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As this article explains the way to deal with persistent state in an event log driven architecture is to have some "microservice" subscribed to events and be responsible for maintaining that state, such as tallies of the weight of all green trains in the last 7 days etc. But I'm uncertain about how to implement conditional logic with an event log where the validity of one event depends on other events happening first.

Scenario: I have a process in which first an object is registered and given an identity. Then at some later point the object can be processed. But the processing validation needs to know that the event describing the processing refers to a registered object. So I need to maintain a database of registered objects by "event-sourcing". But there is two alternative approaches to implementing the conditional validation for the processing step:

  1. Put the conditional check in a microservice that receives (possibly invalid) "processing" events, checks its event-sourced database of registered events then generates another event if it's registered or doesn't if it's not.
  2. Just have some API in front of the processing event source that checks a database of registered objects from a database source from the event log, and it will never generate an event in the first place if the object isn't registered.

Maybe it's splitting hairs but in #1 the processing event source and the validator both interface with the event log only. Where as in #2 we have a ~front controller that knows about the queue, a database of registered objects, and how to validate requests to create a new processing event. Which is better? Would experience EDA architects prefer on over the other?

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    Your 1 & 2 are literally the same thing. Nov 7, 2021 at 4:08
  • @FilipMilovanović Not quite. I added a paragraph to clarify. Nov 7, 2021 at 4:58

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The goal (normal case) should be to have all events pertaining to an object (lifecycle as well as processing events) in one ordered event stream such that invalid processing events just don't happen. Every microservice dealing with processing events for objects should check their lifecycle events, too, so it can decide on its own whether an object exists and is in a valid state for the event being handled. Don't create additional dependencies to separate services (whether as APIs or as event stream filters) which only make your system complex and brittle by introducing additional possible points of failure.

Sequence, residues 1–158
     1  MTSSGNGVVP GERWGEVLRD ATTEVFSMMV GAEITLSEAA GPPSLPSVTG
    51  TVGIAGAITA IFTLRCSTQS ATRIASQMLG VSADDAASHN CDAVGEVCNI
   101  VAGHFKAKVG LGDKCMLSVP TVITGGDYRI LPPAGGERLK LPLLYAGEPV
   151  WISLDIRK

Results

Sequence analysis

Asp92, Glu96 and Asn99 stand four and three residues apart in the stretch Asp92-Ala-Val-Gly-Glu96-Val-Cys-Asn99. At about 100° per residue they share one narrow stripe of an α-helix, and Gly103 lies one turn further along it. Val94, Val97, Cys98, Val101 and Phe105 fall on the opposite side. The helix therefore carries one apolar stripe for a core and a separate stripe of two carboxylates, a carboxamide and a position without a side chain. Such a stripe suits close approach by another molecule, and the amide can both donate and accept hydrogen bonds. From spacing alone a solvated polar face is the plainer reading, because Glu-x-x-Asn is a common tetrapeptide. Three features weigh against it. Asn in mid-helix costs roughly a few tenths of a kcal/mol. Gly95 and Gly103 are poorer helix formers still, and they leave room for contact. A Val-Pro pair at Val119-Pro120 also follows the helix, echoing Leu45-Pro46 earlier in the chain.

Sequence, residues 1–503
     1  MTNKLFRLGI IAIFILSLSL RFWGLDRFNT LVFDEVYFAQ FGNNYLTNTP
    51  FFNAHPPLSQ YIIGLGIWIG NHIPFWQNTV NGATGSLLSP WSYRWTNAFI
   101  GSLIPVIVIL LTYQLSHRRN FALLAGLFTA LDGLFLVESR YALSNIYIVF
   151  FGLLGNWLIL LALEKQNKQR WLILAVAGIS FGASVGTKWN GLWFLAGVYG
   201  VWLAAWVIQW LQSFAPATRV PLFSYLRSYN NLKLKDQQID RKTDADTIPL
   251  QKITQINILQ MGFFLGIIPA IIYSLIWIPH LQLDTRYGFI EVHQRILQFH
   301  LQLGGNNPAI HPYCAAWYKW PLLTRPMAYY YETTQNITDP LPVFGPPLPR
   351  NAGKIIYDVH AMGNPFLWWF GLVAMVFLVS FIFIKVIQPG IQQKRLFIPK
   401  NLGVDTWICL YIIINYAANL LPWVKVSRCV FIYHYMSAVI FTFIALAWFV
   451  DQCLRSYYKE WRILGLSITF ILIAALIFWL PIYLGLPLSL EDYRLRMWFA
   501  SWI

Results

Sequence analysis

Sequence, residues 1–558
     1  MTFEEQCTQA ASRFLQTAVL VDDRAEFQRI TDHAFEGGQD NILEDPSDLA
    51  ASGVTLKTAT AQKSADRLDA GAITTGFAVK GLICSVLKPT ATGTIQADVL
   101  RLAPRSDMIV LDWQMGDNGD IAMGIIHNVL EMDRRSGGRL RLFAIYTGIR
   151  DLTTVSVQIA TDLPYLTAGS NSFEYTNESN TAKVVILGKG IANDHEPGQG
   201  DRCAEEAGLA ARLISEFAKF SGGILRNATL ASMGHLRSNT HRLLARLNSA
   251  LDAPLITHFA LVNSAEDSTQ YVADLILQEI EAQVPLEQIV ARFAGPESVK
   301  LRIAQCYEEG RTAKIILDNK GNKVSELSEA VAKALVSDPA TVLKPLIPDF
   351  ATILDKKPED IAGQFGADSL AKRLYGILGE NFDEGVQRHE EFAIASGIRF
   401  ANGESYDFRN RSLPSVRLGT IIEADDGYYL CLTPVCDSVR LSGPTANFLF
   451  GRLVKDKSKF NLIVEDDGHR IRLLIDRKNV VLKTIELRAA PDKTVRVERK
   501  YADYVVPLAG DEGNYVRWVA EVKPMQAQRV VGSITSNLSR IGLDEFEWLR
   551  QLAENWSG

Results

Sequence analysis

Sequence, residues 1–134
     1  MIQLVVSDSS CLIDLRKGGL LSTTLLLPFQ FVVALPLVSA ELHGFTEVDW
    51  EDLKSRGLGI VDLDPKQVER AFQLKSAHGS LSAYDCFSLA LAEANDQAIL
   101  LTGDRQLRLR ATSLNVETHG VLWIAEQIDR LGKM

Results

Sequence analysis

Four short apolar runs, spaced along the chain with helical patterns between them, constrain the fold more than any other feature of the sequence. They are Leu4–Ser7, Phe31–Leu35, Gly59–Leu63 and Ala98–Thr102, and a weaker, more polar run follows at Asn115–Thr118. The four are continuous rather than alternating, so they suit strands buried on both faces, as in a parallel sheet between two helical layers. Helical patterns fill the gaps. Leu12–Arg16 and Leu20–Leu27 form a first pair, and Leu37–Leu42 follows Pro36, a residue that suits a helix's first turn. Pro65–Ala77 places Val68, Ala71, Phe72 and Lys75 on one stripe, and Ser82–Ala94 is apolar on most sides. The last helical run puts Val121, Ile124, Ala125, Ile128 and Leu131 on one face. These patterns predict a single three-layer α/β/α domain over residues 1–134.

So I would consider a third option: the processing event source should be a lifecycle event consumer, maintaining its own registry of valid objects. Then it doesn't depend on an external API, and the event processing service does not depend on an event filter. Both would be able to catch invalid events at the first possible opportunity, and avoid generating invalid events themselves.

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I'm uncertain about how to implement conditional logic with an event log where the validity of one event depends on other events happening first.

This spelling is a little bit odd. "Events" (in the context of event sourcing) are messages that describe information that has changed in the past. So it really doesn't make sense to talk about events as valid or invalid relative to some other state you have lying around - the change of information described by the event has already happened.

Instead, we talk about the states of the subscribers of an event, which is normally determined by what information they have seen.

We can think of the subscriber as a Mealy state machine. If it is in the state where it has already seen a FooRegistered(id:12345), and it now sees `FooProcessingAuthorized(id:12345, authorizedBy:Bob), then it kicks itself into a new state and fires the processing action.

But in the state where FooProcessingAuthorized is published, but it hasn't (yet) seen FooRegistered... well, that's a different state transition, and there are a lot of choices you might make. You might immediately go into a Failed state, you might instead go into a pending state where the action is to schedule a timeout event (waiting to see if the FooRegistered event arrives "later").

In a distributed system, information isn't instantly available everywhere; if you want a robust design you have to take that into consideration.

Among other things, that means that while you can put in gates to ensure that Bob doesn't authorize processing when he can't yet see that a Foo is registered, that doesn't guarantee that the processor will be able to see the registration when the authorization arrives.

So you can get a lot of nines of reliability by adding a check, but you don't get infinite nines.

In some designs, a single ordered event stream is used for everything, which gives you certain guarantees (any subscriber who can see event(id:3) is guaranteed to be able to see event(id:1) and event(id:2) by incurring some additional costs (contention, availability).

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  • "it really doesn't make sense to talk about events as valid or invalid relative to some other state you have lying around - the change of information described by the event has already happened.". Yeah this is the conventional thinking that makes sense to me: You have some state machine / data model you poke it to change its state this generates events right? So those events have to consistent. But I thought event driven architecture was different where you don't actually have a state machine / data model, you just have "first and foremost" an immutable event log? Nov 15, 2021 at 2:21

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